Directly in front of him, Toole can clearly see Frederick is floundering. He sees a 19-year old kid unable to find his way in a sophomore campaign, struggling to truly handle the adversities of college basketball, the same adversities that most student-athletes embrace. He sees a 6’8 power forward that provides minimal production offensively, can’t rebound consistently and serves as a liability on the defensive end.
As Toole put it, he sees a player that, “doesn’t enjoy being fatigued.”
But in a far off, distant world, perhaps years down the line, Toole can see a different persona. Deep down, there’s a ‘Dre Frederick that could be one of the better players within the Northeast Conference. A strong, athletic big with good touch around the rim who could be left out on the floor longer than two or three minutes without his coach having an aneurysm.
That Frederick has shown himself every so slightly in practice and games from time to time. Ironically, Frederick’s best game to date was last year against Duquesne, RMU’s opponent Saturday. He registered four blocks in 12 minutes in last year’s win.
For most of the past year and a half, once gameday hits, that Frederick has disappeared. The guy that misses easy offensive putbacks, gives up shots at the rim and doesn’t always get back on defense continues to show.
Frederick is visibly frustrated about his play this season. Toole is visibly frustrated about it, too. What’s it going to take to get him back on the right track? Someone? Anybody?
“Chris, that’s like the question of my life,” Toole said in his postgame interview after Thursday’s win over Lehigh. “I think about that probably more than you would care to know, and I haven’t figured it out yet.”
A key fundamental in a successful coach is knowing the proper motivational strategies in order to get the very most out of specific player. You can see it at every level, from youth sports, to high school sports, to college and even at the professional level. It’s not always the same with everybody.
I remember it from high school. My junior football season at Malvern Prep, our offensive line had a couple week stretch where we were struggling to provide a consistent push off the ball, and it hurt our record. We were a good line with multiple Division I commits (not me, obviously), but out of the five of us, our o-line coach had to figure out what exactly it’d take to get us back to playing at our full potential.
For some, including myself, it took reaming us out to really drive home the message. It required verbally destroying us to the point that we had no other choice but to go out and perform to the best of our ability, or at least, put that effort forward. It struck fear into our eyes, but it worked.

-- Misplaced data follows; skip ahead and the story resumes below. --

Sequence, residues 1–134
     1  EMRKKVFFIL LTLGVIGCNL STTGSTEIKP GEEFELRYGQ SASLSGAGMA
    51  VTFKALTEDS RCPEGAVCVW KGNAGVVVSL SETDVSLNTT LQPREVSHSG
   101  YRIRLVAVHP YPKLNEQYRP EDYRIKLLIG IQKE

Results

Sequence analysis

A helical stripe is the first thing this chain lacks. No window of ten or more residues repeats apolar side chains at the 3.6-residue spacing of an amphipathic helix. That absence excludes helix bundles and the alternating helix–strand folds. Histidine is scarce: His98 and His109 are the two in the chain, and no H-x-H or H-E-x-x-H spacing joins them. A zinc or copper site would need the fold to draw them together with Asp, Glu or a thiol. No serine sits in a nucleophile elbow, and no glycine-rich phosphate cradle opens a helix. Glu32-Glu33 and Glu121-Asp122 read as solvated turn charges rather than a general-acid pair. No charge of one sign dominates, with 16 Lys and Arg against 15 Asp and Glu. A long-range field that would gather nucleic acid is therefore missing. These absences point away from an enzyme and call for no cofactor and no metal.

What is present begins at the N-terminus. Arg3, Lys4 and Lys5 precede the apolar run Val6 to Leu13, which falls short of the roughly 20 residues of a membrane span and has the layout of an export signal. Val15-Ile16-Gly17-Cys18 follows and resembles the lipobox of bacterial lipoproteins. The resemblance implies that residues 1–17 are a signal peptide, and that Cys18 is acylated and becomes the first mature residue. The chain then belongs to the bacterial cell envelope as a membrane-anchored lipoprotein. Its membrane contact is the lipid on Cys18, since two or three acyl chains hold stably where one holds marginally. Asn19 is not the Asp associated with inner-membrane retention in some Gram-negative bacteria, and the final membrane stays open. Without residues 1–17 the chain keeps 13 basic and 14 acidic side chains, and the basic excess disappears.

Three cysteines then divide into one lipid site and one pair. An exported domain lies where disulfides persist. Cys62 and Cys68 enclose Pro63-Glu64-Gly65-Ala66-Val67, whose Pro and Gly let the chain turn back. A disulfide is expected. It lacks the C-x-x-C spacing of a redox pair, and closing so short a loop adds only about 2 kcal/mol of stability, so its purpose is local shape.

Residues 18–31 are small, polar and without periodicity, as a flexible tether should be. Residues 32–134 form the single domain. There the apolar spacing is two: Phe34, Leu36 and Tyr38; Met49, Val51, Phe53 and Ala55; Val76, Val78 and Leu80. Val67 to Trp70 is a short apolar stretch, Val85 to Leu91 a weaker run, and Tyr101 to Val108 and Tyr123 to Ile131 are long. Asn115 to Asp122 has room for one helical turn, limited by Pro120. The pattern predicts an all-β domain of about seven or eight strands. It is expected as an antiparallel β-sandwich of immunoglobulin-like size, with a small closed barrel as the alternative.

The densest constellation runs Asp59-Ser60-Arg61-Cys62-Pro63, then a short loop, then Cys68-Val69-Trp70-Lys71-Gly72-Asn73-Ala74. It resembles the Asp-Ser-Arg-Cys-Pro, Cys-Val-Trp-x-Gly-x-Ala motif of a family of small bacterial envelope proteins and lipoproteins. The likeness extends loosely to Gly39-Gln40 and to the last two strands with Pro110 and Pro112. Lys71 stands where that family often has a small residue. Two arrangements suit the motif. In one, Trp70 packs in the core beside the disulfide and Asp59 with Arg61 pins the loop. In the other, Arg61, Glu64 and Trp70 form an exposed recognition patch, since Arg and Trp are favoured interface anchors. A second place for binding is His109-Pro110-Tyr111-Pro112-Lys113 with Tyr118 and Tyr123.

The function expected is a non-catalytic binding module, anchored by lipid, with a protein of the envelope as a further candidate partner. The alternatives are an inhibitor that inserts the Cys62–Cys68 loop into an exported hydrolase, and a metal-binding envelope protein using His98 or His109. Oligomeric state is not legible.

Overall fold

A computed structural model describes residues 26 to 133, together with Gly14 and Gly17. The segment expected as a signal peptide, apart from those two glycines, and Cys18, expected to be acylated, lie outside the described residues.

For others, that route isn’t the best option. It might take positive reinforcement and dishing out compliments and building up someone’s confidence from the very bottom.
With Frederick, Toole has tried both, and neither have proven to be effective. He even coined ‘Dre his own personal nickname.
“We’re just trying to figure out how to get it out of ‘Dre, whether it’s to pat him on the back or try to yell at him. We tried to give him an on-court persona where all we called him was ‘Snowcone’ for a while,” Toole said. “We weren’t allowed to call him ‘Dre in practice. It was just Snowcone. I said like, ‘You’ll have this alter ego. You’ll come on the court and be flying around.’
“That didn’t work.”
Toole said there are days where Frederick will walk into practice and dominate. Like, Who are you? Where did you come from? Where is this guy and when will he show up in games?
“I think he’s constantly in a mode of trying to stay in his comfort zone or stay in his lane,” Toole said. “I’m trying to get him out of his comfort zone and so that’s where the rub happens.”
Frederick played relatively well on Nov. 18 against Bucknell. He posted 10 points and three rebounds on 5-of-7 from the floor. I’d take that from him every night. I think anyone would. Toole said he played really hard in stretches and showed some good signs and took a step in the right direction.
How about since? Not so much.
“To me, it’s all about effort with ‘Dre, and that’s what we try and tell him. We just want you to play hard, and then if you play hard, good things will happen to you,” Toole said. “And then if you can come rest, and go play hard again, and come rest, and then go play hard again, ultimately, good things will happen to you.
“Some of his best games, whether it was Bucknell or some of the games last year where you saw flashes, was just because he played hard.”
I thought, ‘Okay, maybe he’s not completely healthy.’ Frederick sports small bands on both of his knees, and sometimes looks in pain running up and down the court in transition. It turns out he has tendinitis.
“Yeah, so does everybody. I get sore when I get out of bed in the morning. It’s part of being a college basketball player,” Toole said. “But that can’t be what holds you back. That can’t be what stops you from trying to reach your potential or be what you can be. You’ve got to ice afterwards. Sorry. You’ve got to rehab a couple times a week. That’s part of life.
“Every Division I athlete ever has to go through that. If that’s going to be too much adversity for you to handle, then we’re going to be in trouble.”
When people start saying they’d welcome back Stephan Bennett and Leo Gomis, both of whom were in the Sewall Center bleachers watching the game last night, you know the frontcourt has issues. Who knows if Aaron Tate is going to play this year, and even if he does return, he could turn out to be a shell of his former self.
As impressive as he’s been, the Colonials can’t rely solely on Billy Giles for the rest of year, especially deep into NEC play. So will the real Andre Frederick, please, please, please stand up?